The 5 Best Substitutes for Marmite

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Have you tried Marmite before? If you haven’t already, you’re losing out on a delicious adventure.

Marmite is a savory spread created from yeast extract that is popular in the United Kingdom and elsewhere in Europe.

It has a strong, unique taste that some people like while others despise.

Marmite may be used in a number of ways, including as a spread on toast and as a component in recipes.

If you don’t like Marmite, there are many of options that will offer your food the same savory flavor without the pungent taste of Marmite.

In this post, we will discuss five of the greatest Marmite alternatives that you may use in your cuisine.

What is Marmite?

The 5 Best Substitutes for Marmite

Marmite is a spread manufactured from yeast extract, which is a byproduct of beer production.

It was initially developed in the early 1900s by the German business Liebig Extract of Meat and quickly gained popularity in the United Kingdom during World War I when it was included in soldiers’ ration packages.

Marmite has a pungent, salty taste and a sticky texture; it is widely used as a sandwich spread or in gravy.

It may also be used in pasta, egg, and veggie preparations.

Some individuals like the flavor of Marmite, while others find it excessively strong or an acquired taste.

Start with a modest quantity of Marmite if you’ve never tried it before.

Spread it thinly on toast or mix it into your gravy.

You might just become a convert.

Here are some ideas on how to use it:

  • To add depth of flavor to soups or stews, add a teaspoon of Marmite.
  • For a savory twist, mix Marmite into scrambled eggs or omelets.
  • To produce a flavorful sandwich spread, combine Marmite with ketchup or mayonnaise.
  • Marmite may be used as a basis for savory sauces and gravies.
  • To add umami to roasted veggies, add a spoonful of Marmite.

The 5 Best Substitutes for Marmite

If you can’t take the flavor of Marmite, don’t panic; there are lots of alternative choices that will satisfy your taste buds just as well.

Here are five Marmite replacements you may try:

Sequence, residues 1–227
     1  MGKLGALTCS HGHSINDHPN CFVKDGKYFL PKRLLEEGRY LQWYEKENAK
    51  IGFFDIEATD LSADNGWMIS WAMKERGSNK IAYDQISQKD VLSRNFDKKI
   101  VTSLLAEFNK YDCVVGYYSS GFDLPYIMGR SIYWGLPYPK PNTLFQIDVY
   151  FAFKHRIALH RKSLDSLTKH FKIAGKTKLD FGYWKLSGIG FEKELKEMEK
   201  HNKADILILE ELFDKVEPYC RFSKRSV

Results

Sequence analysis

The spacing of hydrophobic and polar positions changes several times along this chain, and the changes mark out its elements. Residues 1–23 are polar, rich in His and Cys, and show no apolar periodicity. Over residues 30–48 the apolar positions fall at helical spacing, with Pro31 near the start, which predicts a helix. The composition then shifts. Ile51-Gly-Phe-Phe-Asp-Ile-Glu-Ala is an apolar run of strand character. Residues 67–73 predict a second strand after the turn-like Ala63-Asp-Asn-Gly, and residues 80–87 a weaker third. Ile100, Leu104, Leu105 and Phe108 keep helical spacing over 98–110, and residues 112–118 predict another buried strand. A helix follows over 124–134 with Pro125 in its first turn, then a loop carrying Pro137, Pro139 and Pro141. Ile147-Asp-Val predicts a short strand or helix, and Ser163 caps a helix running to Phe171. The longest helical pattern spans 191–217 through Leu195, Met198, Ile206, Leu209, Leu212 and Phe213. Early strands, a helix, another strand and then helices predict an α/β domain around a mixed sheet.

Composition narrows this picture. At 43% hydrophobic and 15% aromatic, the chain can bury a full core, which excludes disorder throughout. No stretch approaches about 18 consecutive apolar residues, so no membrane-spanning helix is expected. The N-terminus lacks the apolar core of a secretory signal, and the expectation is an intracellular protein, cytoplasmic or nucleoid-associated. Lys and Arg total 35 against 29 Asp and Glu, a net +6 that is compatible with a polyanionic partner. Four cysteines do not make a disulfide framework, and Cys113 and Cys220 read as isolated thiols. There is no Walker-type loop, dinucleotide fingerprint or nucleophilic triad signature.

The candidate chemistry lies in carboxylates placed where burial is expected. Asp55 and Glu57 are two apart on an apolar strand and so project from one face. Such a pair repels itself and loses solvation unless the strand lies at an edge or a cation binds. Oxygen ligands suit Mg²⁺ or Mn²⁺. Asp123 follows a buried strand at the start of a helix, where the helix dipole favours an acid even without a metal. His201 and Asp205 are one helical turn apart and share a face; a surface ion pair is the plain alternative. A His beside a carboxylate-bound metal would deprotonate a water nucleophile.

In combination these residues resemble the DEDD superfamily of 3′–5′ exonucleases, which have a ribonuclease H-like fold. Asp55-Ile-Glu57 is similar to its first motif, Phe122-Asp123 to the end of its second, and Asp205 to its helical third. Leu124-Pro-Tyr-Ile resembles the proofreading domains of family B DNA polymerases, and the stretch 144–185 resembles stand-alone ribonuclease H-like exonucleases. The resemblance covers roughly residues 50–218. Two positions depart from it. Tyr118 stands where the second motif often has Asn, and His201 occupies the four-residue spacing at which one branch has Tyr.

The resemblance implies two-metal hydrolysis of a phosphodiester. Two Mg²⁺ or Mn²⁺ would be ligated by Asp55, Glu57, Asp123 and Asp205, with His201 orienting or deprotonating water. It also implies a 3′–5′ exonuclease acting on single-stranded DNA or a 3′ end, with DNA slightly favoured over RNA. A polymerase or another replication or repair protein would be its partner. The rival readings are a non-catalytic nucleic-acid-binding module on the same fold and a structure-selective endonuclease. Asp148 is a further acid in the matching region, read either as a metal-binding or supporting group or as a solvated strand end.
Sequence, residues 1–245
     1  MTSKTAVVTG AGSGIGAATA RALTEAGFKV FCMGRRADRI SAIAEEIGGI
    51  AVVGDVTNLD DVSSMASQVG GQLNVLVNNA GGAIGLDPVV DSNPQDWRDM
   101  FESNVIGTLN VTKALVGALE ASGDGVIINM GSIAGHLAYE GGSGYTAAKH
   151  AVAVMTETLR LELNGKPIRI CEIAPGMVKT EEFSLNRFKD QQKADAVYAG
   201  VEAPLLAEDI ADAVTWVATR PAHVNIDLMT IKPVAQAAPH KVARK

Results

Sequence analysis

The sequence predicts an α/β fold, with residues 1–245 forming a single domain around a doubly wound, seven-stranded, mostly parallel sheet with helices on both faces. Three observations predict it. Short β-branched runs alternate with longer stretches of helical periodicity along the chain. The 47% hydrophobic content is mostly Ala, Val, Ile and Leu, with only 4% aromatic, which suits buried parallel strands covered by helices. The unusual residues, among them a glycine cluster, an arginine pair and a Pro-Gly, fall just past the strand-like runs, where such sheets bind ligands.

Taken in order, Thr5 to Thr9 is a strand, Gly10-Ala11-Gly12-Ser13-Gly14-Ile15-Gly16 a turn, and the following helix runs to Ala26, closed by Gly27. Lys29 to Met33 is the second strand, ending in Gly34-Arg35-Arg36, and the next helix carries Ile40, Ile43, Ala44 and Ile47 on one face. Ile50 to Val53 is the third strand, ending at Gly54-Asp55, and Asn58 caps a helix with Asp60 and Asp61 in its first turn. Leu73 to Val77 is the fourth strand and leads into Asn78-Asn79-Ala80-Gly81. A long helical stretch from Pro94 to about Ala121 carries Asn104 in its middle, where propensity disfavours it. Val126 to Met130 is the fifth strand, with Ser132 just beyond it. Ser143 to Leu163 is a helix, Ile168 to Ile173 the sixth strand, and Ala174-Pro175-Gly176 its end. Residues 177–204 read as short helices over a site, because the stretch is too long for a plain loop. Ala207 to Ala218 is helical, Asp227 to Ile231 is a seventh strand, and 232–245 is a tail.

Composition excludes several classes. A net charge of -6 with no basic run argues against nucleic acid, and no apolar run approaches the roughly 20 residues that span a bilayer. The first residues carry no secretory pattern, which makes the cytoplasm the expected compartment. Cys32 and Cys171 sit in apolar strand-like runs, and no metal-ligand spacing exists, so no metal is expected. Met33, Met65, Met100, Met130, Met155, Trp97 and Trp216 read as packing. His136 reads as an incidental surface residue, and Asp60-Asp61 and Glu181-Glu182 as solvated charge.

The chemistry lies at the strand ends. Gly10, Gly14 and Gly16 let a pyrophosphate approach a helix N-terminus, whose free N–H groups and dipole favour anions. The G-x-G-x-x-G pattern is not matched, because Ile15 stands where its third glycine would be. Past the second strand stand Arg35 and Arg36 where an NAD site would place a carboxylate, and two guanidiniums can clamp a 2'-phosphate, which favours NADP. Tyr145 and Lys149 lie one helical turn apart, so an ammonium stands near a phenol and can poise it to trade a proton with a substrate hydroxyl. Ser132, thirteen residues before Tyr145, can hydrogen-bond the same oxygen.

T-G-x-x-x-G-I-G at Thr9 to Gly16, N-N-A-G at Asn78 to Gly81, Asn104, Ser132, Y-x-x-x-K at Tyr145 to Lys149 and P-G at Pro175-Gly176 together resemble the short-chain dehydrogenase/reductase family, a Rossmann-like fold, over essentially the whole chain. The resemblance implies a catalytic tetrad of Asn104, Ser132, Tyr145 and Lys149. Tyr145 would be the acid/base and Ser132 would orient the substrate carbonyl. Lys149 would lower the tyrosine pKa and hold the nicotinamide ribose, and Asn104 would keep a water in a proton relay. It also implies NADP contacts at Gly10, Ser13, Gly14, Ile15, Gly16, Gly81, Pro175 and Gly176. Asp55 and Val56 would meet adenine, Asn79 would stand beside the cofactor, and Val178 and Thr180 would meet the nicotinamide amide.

1 – Vegemite

Vegemite is a famous yeast extract spread.

It’s dark, nearly black in hue, with a thick, sticky texture.

It is commonly served on toast or crackers, although it may also be used to season other meals.

Some people relate the flavor of Vegemite to that of soy sauce or miso paste.

While it may take some getting used to, Vegemite is really fairly adaptable and may be used to replace other savory spreads such as Marmite or Nutella.

Spread it on your favorite bread or add it to your next sandwich for a taste boost.

2 – Promite

The savory spread promite is created from roasted soybeans.

It tastes strongly of umami, comparable to Marmite or vegemite.

Promite has a thick, paste-like texture that is ideal for spreading over toast or crackers.

It may also be used to season soups and stews.

If you’re searching for a marmite alternative, Promite is an excellent choice.

It has a similar flavor and texture and may be used similarly.

So, the next time you go shopping, pick up a jar of Promite and give it a go.

3 – Bovril

Bovril is a beef extract-based thick, dark brown paste.

It tastes like beef bouillon or beef broth and has a robust, savory flavor.

Bovril may be spread over bread or toast or blended with hot water to produce a steaming hot drink.

It is also often used in soups and stews.

If you can’t get Bovril, use Marmite or Vegemite instead.

Both of these spreads taste and feel the same.

To replace Marmite or Vegemite with Bovril, just add an equivalent quantity of the spread to your recipe.

You may need to add a little more water to thin it down, but the end product will be just as tasty.

4 – Miso

If you like umami-rich tastes, miso is a pantry essential you should get acquainted with.

This fermented soybean paste is a staple in many Japanese meals, with a characteristic salty and savory flavor.